A Closer Look: Epiphone Century

Published on 12 May 2020


The Golden Age of music.

When was that?

There have been many Golden Ages of music, to be fair. It really depends of what type of music you love, we suppose, but it’s fair to say that the period of time in between World Wars 1 and 2 was a creative and cultural hotbed across much of the Western world.

Guitar fans will know this as the Jazz age, when instrument builders in places like New York City created glamorous archtop acoustic guitars to play alongside banjos, violins and brass instruments in the streets and dancehalls of the world’s great cities.

One of the main players, as you may know, was Epiphone. This great brand, originally from Greece, was one of the top dogs of the day and competed furiously with Gibson for supremacy. Their gorgeous archtops had style, performance and volume, perfect for a time before amplifiers and PA systems.

Today though, things are obviously different. We love the styling and vibe of those old Golden Age guitars, but we also need an instrument that can stand up to the requirements of guitar playing in the 21st century. We need good quality pickup systems that replicate the distinctive tones wew crave, without visually impairing the special style we seek in the first place. We also need more prosaic things like truss rods, efficient tuners and high-quality fret work.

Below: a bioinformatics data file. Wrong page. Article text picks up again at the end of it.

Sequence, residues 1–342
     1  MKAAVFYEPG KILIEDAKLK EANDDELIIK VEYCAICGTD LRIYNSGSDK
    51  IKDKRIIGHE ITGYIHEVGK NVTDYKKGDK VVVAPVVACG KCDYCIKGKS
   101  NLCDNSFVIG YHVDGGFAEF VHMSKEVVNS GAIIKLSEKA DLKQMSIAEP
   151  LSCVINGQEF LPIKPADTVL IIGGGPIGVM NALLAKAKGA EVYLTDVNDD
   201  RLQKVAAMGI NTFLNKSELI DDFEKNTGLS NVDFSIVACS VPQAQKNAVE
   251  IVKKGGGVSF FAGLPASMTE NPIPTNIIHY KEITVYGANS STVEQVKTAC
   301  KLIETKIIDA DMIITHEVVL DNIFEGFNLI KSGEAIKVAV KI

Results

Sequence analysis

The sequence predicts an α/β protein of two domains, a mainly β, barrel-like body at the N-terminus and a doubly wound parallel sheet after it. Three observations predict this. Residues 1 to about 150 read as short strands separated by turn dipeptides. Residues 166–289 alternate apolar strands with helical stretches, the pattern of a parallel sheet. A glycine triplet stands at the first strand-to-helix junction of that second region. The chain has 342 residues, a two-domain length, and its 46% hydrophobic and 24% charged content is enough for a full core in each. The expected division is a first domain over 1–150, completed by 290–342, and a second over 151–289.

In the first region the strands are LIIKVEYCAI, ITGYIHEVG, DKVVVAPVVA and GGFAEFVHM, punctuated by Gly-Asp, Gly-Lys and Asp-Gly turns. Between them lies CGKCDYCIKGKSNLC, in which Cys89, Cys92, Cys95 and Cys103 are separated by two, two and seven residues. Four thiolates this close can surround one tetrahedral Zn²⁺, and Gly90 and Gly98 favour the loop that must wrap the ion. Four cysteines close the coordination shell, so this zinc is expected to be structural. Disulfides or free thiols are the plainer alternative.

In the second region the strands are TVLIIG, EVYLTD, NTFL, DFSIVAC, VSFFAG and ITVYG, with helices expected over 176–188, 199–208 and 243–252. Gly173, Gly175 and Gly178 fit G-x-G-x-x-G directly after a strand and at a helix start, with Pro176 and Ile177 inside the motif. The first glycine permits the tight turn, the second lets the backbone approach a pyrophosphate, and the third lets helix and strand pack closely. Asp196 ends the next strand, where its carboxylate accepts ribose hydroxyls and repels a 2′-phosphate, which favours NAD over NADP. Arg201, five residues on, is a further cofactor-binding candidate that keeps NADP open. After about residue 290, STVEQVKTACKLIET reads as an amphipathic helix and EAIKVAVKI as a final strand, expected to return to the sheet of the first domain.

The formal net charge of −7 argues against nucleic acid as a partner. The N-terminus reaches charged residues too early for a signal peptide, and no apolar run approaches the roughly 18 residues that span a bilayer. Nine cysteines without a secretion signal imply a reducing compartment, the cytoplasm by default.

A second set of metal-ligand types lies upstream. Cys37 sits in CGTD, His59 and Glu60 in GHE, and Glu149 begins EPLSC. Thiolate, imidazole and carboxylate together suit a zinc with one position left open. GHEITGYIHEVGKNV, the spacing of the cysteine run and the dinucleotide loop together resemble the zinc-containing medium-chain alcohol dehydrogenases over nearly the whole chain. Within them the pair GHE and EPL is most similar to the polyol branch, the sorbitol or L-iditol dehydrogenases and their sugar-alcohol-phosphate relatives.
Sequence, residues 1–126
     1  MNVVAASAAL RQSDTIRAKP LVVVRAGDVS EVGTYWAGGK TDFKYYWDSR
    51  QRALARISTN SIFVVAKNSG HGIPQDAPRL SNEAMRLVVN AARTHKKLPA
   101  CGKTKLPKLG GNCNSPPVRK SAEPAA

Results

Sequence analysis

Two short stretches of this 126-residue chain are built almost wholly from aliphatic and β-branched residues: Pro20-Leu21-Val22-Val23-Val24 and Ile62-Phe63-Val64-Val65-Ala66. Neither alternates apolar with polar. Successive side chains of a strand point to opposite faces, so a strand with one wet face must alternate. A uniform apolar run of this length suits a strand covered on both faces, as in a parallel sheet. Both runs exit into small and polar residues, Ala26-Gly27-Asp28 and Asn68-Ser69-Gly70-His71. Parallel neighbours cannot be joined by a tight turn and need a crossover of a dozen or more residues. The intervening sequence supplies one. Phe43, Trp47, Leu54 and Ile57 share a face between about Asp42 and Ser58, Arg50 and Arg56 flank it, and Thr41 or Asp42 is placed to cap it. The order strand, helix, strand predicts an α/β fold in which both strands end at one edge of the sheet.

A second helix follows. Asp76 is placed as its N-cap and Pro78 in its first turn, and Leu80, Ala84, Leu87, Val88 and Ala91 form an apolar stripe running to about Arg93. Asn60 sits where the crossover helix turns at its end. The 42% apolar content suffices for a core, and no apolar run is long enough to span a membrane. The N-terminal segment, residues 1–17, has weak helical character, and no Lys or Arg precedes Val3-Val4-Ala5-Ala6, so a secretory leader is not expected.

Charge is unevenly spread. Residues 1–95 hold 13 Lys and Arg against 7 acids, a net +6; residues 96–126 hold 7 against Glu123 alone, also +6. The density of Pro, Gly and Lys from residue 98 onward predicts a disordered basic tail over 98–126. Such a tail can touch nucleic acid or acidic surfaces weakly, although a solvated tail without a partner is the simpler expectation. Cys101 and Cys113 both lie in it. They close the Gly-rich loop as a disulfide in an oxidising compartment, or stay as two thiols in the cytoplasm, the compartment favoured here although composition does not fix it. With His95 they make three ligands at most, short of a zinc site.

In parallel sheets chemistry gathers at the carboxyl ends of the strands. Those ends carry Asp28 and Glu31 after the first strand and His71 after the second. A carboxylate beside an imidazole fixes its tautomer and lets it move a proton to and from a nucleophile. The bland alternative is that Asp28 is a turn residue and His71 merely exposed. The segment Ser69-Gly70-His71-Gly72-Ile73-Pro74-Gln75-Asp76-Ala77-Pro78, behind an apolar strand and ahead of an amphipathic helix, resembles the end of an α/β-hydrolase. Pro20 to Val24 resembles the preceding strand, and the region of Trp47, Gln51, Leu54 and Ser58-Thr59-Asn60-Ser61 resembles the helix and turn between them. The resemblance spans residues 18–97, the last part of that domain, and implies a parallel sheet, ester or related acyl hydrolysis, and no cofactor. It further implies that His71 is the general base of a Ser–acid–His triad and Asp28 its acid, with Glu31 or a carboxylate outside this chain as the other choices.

Basically, we want a guitar to look and feel like an original from a century ago but perform like a contemporary instrument. We want the best of both worlds, basically, and we wouldn’t mind a good deal whilst we get all that.

Sound about, right?

You need one of these Epiphone Century guitars then. We have two models to show you today. Both share the same high-quality features, with only a few minor cosmetic differences. Let’s have a butchers...


Epiphone Century Zenith & Deluxe Round Hole acoustics

As we take in a good gaze at these beauties, we see high quality craftsmanship, excellent finishes and wonderful, period-referencing details. Now, there is much to admire here, so let’s begin with the woods and construction.

Both of these acoustics are built with proper arched tops, rather than having the more standard variety of flat, solid tops. This is great for feel and looks, but here’s where it gets even better: the tops are made from solid timber! Both of these guitars have solid Spruce tops, which is actually rare in an archtop that isn’t massively expensive! In fact, many expensive archtop guitars still have laminated tops! The benefit, of course, is that a solid piece of timber resonates more than a ply top, therefore carrying sound vibrations better and sounding richer as a result. Both models have a round sound hole and a deep, traditional Sunburst finish, echoing the classic archtops of the Golden Age.